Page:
Catch-up 360 – Digital Benefits for Physical Artifacts
Catch-up 360 – Digital Benefits for Physical Artifacts
Catch-up 360 – Digital Benefits for Physical Artifacts

Catch-up 360 – Digital Benefits for Physical Artifacts

In the IdeaGarden project we aim to develop tools to support designer. Catch-Up 360 is an attempt to provide digital benefits to physical artifacts. Especially large design companies, such as LEGO®, have offices at different locations and while sharing digital data works smooth, exchanging physical mockups is quite difficult and cumbersome. Producing digital blueprints to enable the reconstruction of prototypes at different venues is an option, but requires complex digitization and time-consuming rebuilding. Therefore, the usual approach is to build two physical models and ship one to the distant place, which does not work if the recipient is on the go. In any case the development cycle is slowed down, as the feedback from fellow designers is essential for developing the next iteration of a prototype and exploring an idea further. Moreover, in this cycle it is also important to compare the current model to earlier versions. A direct comparison can become difficult as multiple physical versions of an artifact require a lot of space. In addition, new versions of a mockup are often based on earlier iterations, which makes a direct comparison impossible.

Catch-Up 360 is a system designed for sharing early-stage physical mockups over distance and capturing different iterations for later retrieval and comparison. Our goal was to provide a simple, intuitive, and tangible UI that makes sharing and recording of physical artifacts as easy as putting them up on a shelf. Our design was inspired by art galleries, where individual artifacts are often placed on pedestals. This placement creates additional attention and gives more significance to the object. Moreover, the free positioning in the room provides different perspectives to the spectator. At LEGO, we observed that movable pedestals are used to present prototypes to colleagues. We took up the idea to place a physical mockup on a significant place in a design studio. By equipping it with a camera that streams a live video to a web-client, the spot becomes not only a local anchor point for conversations, but also allows for asynchronous remote communication.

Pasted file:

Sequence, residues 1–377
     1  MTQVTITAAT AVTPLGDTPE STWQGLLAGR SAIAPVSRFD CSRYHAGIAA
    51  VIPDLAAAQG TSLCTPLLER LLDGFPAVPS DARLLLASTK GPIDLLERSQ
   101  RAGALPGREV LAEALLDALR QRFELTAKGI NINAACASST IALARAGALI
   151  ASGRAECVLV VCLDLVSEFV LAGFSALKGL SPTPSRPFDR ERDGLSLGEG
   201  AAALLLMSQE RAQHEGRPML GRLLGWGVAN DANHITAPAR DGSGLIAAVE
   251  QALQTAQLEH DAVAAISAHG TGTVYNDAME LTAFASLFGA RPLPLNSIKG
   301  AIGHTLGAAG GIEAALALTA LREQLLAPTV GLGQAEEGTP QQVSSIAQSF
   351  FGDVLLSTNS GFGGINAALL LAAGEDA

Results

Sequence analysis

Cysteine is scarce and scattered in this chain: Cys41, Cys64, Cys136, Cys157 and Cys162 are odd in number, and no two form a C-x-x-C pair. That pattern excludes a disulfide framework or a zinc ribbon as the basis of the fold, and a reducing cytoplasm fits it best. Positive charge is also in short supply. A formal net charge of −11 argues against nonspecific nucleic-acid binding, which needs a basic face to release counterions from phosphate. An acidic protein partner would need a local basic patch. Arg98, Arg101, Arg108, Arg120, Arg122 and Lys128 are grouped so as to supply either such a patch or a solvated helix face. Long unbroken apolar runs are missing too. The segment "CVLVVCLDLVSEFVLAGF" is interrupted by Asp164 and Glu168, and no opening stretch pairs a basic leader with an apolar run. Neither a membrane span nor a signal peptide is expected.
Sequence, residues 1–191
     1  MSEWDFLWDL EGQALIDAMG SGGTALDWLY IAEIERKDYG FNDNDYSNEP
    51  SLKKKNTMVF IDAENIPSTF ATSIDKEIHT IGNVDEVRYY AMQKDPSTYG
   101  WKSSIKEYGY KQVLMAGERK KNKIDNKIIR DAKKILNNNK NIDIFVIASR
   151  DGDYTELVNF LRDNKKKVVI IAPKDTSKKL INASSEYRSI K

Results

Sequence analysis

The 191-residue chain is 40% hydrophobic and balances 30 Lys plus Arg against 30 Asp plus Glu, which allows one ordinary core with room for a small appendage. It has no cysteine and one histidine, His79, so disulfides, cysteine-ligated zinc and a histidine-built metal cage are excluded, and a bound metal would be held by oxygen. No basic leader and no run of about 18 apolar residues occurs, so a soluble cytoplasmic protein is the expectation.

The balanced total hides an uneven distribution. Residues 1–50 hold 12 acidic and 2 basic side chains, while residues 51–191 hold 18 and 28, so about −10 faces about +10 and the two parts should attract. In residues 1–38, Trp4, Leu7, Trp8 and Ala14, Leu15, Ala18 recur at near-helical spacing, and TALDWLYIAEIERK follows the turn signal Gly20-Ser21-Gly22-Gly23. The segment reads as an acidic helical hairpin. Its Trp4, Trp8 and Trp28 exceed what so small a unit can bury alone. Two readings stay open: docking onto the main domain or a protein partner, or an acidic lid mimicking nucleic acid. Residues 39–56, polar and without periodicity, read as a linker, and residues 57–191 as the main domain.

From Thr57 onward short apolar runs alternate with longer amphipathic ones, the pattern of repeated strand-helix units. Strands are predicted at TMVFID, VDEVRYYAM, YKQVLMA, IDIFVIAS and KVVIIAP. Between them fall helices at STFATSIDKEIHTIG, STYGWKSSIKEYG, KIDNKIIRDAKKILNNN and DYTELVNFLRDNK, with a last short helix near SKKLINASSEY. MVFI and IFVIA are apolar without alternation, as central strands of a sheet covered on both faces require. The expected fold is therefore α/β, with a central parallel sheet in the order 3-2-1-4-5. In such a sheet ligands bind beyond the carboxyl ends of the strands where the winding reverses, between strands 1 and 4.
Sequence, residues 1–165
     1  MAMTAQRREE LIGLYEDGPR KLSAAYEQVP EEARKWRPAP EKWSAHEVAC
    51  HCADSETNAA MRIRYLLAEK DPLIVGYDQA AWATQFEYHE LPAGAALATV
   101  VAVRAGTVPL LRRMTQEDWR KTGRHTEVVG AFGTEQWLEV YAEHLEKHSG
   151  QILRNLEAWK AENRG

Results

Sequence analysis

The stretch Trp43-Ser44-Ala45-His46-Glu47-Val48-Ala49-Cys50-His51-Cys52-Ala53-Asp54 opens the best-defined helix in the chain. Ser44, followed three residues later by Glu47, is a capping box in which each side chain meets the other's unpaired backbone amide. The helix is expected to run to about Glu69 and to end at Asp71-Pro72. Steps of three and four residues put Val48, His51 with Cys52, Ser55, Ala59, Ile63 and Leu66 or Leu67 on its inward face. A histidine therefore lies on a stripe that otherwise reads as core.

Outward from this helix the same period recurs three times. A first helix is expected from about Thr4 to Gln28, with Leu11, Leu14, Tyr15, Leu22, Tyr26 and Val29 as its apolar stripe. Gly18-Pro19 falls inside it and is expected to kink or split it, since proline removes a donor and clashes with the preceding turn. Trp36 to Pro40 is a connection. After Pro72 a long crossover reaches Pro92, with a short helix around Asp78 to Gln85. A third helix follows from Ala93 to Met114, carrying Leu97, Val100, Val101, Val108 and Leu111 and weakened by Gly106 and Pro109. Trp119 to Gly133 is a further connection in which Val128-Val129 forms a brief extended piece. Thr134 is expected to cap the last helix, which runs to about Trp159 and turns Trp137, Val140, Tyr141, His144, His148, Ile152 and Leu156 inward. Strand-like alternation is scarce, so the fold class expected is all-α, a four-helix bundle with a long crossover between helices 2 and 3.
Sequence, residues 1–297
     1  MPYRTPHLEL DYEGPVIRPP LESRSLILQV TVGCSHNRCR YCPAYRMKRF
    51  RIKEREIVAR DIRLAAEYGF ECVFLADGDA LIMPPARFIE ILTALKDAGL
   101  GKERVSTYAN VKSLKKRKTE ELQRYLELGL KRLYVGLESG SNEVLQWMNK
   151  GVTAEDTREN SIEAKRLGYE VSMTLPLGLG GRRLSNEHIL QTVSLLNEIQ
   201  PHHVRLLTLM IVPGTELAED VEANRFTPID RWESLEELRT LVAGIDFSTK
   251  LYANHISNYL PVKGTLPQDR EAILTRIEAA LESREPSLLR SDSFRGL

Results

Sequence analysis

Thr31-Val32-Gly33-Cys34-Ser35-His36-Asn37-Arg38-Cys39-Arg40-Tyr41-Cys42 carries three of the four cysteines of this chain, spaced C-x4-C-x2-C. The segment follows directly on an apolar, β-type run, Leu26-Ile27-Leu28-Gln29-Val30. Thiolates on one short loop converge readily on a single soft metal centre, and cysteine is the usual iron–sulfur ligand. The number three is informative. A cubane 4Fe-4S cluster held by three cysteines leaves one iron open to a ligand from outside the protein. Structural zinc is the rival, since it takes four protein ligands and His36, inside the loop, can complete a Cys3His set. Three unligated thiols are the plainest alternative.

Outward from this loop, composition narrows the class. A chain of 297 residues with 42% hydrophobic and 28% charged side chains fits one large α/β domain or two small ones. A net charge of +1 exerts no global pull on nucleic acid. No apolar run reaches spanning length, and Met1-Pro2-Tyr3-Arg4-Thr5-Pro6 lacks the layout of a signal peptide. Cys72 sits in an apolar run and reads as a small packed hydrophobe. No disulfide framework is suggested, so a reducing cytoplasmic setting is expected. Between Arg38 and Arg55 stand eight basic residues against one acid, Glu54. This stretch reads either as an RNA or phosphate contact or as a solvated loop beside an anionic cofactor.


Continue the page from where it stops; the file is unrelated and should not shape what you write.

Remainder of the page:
The figure above depicts the most important components of Catch-Up 360. The mockups are placed on a motorized turntable, similar to devices used to make 360° product views (e.g., or The turntable can either be spun locally by hand or remotely via a web interface. A side-mounted IP camera provides the possibility to visualize the mockup remotely and to view the object from different angles, while the capture camera records the models to provide historic views of the models. A touch display, next to the pedestal provides additional information about the history of the object. Locally, annotations are created using a pen-and-paper approach. The notes are digitized instantly and displayed on the projection surface. Another option is to add notes through remote devices.


Florian Perteneder
Eva-Maria Grossauer
Yan Xu
Michael Haller

Media Interaction Lab


F. Perteneder, E-M. Grossauer, Y. Xu, and M. Haller, 2015. “Catch-Up 360: Digital Benefits for Physical Artifacts,” in TEI’15: Proceedings of the 9th International Conference on Tangible, Embedded and Embodied Interaction, Stanford, CA, USA, 2015. 105-108.


With support from the European Commission (EU FP7).